The patient on NSAIDs should be monitored for toxicity by informing the owner of potential toxicity and what signs to watch for (lethargy, depression, vomiting, melena, increased water ingestion), as well as through the regular evaluation of blood work (and urinalysis) to evaluate renal and liver function. A baseline should be obtained when therapy is initiated and parameters monitored on a regular basis thereafter. The author repeats evaluations after 2 to 4 weeks and then at 1- to 4-month intervals as dictated by the individual patient and client.

If pain relief with NSAIDs is inadequate, oral opioid medications such as morphine or tramadol can be administered (see later). Acetaminophen or acetaminophen/codeine combinations can often be used in conjunction with NSAIDs. Transdermal fentanyl can also be used. Fentanyl, morphine, or tramadol can be used for dogs that cannot be given NSAIDs. Other agents that are used to treat chronic pain include: amantadine, an NMDA antagonist; anticonvulsants such as gabapentin; and tricyclic antidepressants such as amitriptyline. These can all be combined with NSAIDs, although we do not know the full extent of side effects. Readers are cautioned that they should not assume that combinations of different adjunctive drugs are without side effects—quite the contrary, there is much to be learned about potential adverse interactions, especially in cancer patients that may be on other therapies.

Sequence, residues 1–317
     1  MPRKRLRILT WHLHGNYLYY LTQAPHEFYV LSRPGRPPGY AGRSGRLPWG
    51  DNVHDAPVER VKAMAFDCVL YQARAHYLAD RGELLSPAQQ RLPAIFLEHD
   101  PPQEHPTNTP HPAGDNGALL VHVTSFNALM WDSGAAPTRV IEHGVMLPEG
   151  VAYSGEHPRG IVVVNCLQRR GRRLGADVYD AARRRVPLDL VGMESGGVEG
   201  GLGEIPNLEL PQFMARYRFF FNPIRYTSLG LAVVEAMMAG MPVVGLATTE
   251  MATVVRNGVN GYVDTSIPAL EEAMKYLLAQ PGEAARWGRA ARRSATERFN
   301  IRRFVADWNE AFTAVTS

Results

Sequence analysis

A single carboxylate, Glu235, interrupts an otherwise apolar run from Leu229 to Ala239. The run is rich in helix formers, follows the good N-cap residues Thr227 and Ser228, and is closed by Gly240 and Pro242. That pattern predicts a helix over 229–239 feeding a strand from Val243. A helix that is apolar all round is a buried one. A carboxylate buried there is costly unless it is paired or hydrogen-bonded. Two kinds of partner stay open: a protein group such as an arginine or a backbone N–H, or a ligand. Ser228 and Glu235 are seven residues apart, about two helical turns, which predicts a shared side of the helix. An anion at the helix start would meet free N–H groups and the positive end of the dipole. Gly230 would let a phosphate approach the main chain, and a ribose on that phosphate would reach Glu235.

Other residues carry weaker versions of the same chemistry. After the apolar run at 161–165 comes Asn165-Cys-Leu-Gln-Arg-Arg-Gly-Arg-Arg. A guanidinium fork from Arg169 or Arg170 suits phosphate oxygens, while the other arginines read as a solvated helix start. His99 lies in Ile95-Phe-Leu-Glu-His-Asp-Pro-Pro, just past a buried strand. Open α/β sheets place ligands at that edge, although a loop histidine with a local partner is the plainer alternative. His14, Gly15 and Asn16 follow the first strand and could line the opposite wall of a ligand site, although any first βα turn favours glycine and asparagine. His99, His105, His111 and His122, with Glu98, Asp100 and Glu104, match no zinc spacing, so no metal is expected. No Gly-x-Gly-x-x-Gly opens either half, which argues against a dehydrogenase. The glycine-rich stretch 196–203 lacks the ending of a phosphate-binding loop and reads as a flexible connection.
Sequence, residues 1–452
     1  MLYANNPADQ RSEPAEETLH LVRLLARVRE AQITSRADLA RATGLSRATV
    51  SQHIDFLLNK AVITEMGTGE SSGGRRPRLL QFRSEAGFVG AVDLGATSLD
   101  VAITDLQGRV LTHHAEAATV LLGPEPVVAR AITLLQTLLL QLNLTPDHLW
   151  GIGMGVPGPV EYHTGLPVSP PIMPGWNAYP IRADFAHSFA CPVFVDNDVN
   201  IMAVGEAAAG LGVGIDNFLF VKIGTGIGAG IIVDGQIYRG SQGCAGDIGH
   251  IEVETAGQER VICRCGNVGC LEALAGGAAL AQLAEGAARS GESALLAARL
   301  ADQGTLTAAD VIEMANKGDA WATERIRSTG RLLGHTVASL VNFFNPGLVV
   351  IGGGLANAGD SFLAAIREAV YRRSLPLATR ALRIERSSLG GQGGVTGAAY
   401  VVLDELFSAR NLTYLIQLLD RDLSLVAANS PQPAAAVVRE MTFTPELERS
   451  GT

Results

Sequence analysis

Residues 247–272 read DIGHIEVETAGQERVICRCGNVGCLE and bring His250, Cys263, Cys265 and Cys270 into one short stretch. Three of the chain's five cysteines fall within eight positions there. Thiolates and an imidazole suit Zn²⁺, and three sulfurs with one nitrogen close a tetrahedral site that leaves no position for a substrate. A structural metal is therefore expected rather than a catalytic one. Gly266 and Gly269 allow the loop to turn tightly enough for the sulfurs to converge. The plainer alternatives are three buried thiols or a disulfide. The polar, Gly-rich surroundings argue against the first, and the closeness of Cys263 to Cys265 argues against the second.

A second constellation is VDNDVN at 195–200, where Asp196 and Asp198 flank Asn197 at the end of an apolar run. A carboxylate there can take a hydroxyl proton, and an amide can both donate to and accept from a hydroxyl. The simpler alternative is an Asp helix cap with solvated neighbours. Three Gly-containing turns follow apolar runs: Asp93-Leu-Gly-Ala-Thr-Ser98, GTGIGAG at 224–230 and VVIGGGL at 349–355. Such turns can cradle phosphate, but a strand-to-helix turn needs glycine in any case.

Acetaminophen is a nonacidic NSAID; many authorities do not consider it an NSAID as it probably acts by somewhat different mechanisms.56 With any chronic pain, there are always CNS changes, so for what seems a “peripheral” problem such as many cancers, centrally acting analgesics can be very effective. Although highly toxic in the cat, even in small quantities, it can be effectively used in dogs for pain control in the acute setting.57,58 No studies of toxicity in dogs have been done, but if toxicity is seen, it will probably affect the liver; thus the drug, in common with all NSAIDs and opioids, should be used cautiously in dogs with liver dysfunction. It can be used on its own or in a preparation combined with codeine and is initially dosed at about 10 to 15 mg/kg twice a day (bid). The author often uses it as the first-line analgesic therapy in dogs with renal compromise in which NSAIDs cannot be used or in dogs that appear to be otherwise intolerant to NSAIDs (e.g., vomiting or gastrointestinal ulceration).